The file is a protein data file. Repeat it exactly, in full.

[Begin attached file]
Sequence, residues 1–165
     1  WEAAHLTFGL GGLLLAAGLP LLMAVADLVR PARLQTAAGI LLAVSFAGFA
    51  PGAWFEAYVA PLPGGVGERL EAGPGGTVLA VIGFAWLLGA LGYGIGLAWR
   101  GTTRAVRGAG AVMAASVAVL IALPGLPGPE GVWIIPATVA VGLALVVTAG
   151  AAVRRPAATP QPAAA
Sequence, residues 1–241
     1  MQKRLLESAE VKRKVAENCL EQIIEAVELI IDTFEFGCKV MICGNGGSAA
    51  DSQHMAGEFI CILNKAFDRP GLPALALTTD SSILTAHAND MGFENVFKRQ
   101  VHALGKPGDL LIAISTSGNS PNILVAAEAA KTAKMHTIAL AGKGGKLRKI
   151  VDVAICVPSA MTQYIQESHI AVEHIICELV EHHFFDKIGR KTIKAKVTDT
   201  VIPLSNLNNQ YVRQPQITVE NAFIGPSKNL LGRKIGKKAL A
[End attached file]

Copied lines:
Sequence, residues 1–165
     1  WEAAHLTFGL GGLLLAAGLP LLMAVADLVR PARLQTAAGI LLAVSFAGFA
    51  PGAWFEAYVA PLPGGVGERL EAGPGGTVLA VIGFAWLLGA LGYGIGLAWR
   101  GTTRAVRGAG AVMAASVAVL IALPGLPGPE GVWIIPATVA VGLALVVTAG
   151  AAVRRPAATP QPAAA
Sequence, residues 1–241
     1  MQKRLLESAE VKRKVAENCL EQIIEAVELI IDTFEFGCKV MICGNGGSAA
    51  DSQHMAGEFI CILNKAFDRP GLPALALTTD SSILTAHAND MGFENVFKRQ
   101  VHALGKPGDL LIAISTSGNS PNILVAAEAA KTAKMHTIAL AGKGGKLRKI
   151  VDVAICVPSA MTQYIQESHI AVEHIICELV EHHFFDKIGR KTIKAKVTDT
   201  VIPLSNLNNQ YVRQPQITVE NAFIGPSKNL LGRKIGKKAL A